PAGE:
He reminded the jury of the witnesses who testified Cerrito sold them jewelry. He presented a pawn shop slip for the jewelry. Then Fisher spoke of Cerrito’s own testimony, the way he kept changing his story about what occurred Christmas night. “You can tell the truth over and over, and it doesn’t change. You can’t do this with lies.”

Fisher said one version was that Cerrito was approached by two men with a gun and told to help them bury a body in the trunk. Authorities interrupted and reminded Cerrito that they knew he had called her on the telephone that night. Subsequently, Cerrito changed the story and said they forced him to find somebody to rob, so he called Gonzalez. “This becomes a pattern when he is confronted with a fact or something he thinks is a fact, he changes the story.”

Cerrito told the authorities he was in a Mercury motor vehicle with the two men and he looked at the back seat, and saw one of the men had put a rope around her neck. Cerrito also said he never saw what happened to the body, because it was dark. Then he changed that story, saying he could not see her, because they told him to get into the car and duck down.

At one point, the defendant said he was tired Christmas and decided to take a ride. He said he was walking toward a red truck. “The Mercury is out of the picture suddenly,” Fisher said. In this version, Cerrito said the two men wanted to use his cell phone. At another point, he is tied and then untied. Cerrito denied ever touching the rope used to strangle Gonzalez, but when authorities mention the possibility of DNA, he said he tried to loosen the knot on it.

Assistant Commonwealth’s Attorney Robert Vernail, who presented the final arguments after Hoffman finished, said the knot on the rope had not been loosened.

HOFFMAN SHOWED the jurors how the evidence had been collected and sealed in bags. She picked up a stack of Polaroid pictures she had taken at the murder scene and displayed blown-up pictures. As she reviewed the evidence, such as the stash of jewelry, she placed each bag into a box about 2 by 3 feet in diameter. Then she drew attention to the missing evidence, a tape recording of Cerrito’s dialogue with law enforcement authorities. “Why didn’t they take a tape recorder?” she asked. “Why did they choose not to preserve that piece of evidence?”

After the trial, Fisher said there was a tape recording but Hoffman moved to suppress it and the judge ruled it could not be used as evidence. “Unfortunately Miss Hoffman was not being entirely genuine.” Hoffman did not return phone calls to her office.

Hoffman said Cerrito worked every day since he arrived in the United States, so robbery was not a motive. If he needed money, why didn’t he pawn items from his house or ask family and friends. “If I needed money, would I plan such an elaborate scheme?” she asked. “Most importantly, if I needed the money, why would I leave the rings on her fingers, the diamond stud earrings and watch.’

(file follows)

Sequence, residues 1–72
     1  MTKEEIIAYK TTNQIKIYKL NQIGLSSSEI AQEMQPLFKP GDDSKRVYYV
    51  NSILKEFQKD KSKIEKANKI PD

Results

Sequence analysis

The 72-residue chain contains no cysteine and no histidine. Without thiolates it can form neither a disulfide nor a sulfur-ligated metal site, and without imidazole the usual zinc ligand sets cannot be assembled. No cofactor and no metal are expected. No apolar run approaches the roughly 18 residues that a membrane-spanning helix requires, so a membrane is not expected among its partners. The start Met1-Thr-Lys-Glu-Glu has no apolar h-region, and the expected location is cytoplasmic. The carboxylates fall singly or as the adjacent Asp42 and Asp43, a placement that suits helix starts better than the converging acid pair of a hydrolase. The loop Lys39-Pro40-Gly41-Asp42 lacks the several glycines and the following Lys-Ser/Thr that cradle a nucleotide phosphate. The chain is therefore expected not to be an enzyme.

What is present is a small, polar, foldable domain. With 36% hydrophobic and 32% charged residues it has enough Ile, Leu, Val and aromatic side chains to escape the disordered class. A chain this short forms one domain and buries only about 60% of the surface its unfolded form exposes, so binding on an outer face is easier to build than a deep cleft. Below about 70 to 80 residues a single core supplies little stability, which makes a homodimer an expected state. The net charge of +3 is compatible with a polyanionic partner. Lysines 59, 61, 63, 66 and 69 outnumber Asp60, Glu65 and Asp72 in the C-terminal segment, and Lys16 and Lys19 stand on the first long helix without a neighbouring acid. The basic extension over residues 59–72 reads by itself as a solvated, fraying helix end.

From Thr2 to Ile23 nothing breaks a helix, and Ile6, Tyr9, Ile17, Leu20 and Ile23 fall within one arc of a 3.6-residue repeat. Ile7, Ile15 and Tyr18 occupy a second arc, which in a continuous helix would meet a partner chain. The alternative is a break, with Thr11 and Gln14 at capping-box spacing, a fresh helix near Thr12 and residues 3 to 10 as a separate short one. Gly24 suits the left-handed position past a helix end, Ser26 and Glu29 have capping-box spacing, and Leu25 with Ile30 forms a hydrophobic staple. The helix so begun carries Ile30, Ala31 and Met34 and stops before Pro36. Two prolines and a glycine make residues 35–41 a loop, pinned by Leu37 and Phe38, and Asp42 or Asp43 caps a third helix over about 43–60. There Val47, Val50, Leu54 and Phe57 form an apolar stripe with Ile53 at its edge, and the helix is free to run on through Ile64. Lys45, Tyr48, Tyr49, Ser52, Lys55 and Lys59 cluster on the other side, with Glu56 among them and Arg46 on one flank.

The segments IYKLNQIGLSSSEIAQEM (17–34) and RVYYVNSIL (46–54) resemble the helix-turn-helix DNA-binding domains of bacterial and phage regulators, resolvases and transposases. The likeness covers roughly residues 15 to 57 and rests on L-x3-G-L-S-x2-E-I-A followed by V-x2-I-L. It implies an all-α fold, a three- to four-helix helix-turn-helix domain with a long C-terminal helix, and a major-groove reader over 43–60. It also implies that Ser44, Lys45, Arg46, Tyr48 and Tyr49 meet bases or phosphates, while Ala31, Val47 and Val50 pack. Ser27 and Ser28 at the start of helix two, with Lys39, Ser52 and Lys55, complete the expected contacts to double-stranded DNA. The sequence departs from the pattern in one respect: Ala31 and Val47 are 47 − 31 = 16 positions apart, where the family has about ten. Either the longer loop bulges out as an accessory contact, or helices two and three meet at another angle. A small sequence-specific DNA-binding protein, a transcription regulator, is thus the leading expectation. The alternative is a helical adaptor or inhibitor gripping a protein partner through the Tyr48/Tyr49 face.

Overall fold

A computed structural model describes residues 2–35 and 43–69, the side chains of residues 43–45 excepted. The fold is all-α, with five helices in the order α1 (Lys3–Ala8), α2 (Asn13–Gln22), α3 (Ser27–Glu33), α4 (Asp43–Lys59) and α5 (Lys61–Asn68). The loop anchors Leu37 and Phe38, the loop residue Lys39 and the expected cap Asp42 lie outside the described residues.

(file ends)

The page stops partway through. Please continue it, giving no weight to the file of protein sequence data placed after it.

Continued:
To underscore her points, Hoffman used a blue marker to write key words on a white board, such as an abbreviated form of “leave jewelry at the scene.”

“Most important, why did he leave Mrs. Gonzalez like that?” she asked. He didn’t try to dump the body in the woods or cover it up. Instead, she was left in a posed position with her back against a barrier and the rope around his neck in a fashion that looked like she was hanging.

“I suggest this is not a robbery gone bad,” she said. “I wish I could describe to you why somebody would do that. To take the time to do that doesn’t fit.”

To demonstrate this, Hoffman told the story of a purple dress that she received from her mother. The outfit was perfect, just what Hoffman wanted to wear to a wedding. But when she tried it on, the waistline was too tight and the top part didn’t lie down correctly. She and her mother took it to a tailor, who said he would have to completely redesign the top to get it to lie down. Also, there was not enough cloth in the waist to let out the seams. Disappointed, Hoffman ended up returning the dress to the store. “I know it doesn’t really fit, but it looks perfect,” she said. The Commonwealth wants the jurors to believe in the “pretty package” of evidence even though it doesn’t quite fit.

Hoffman said the Commonwealth wants the jurors to make a leap of faith. “You never heard him or anyone else say he did it.”

“Why would Mauricio lie?” Hoffman asked. “This is the crux of the case. … Sometimes the truth is stranger than fiction.

“What you heard was the truth, complicated messy truth.”

Cerrito’s DNA was not on the rope, she said.

She slowly took each piece of evidence out of the box until the box was empty. She turned it upside down, claiming that none of the pieces proved his guilt. In the end, what is there to show that Mauricio planned, participated, and plotted? “An empty box,” she said, parading it in front of the jurors.

Vernail said the case is not about the absence of a tape recording. He led the jury through the testimony and evidence. “Some people are bad liars, period,” he said. “She says what you heard is the truth. That can’t possibly be the truth.”

He said it was not a coincidence that Cerrito knew the victim or that her body was found at his work site. Her keys were where he said they would be, Vernail said. The telephone records showed Cerrito called her three times in 23 minutes. “He intended to get Margarita from that apartment when he made those calls,” Vernail said. “It’s not about a rush to judgment or Mrs. Hoffman’s dress. Those things are distractions from the facts of the case.”

“The case begins and ends with Mauricio Cerrito. Don’t get distracted from the case.”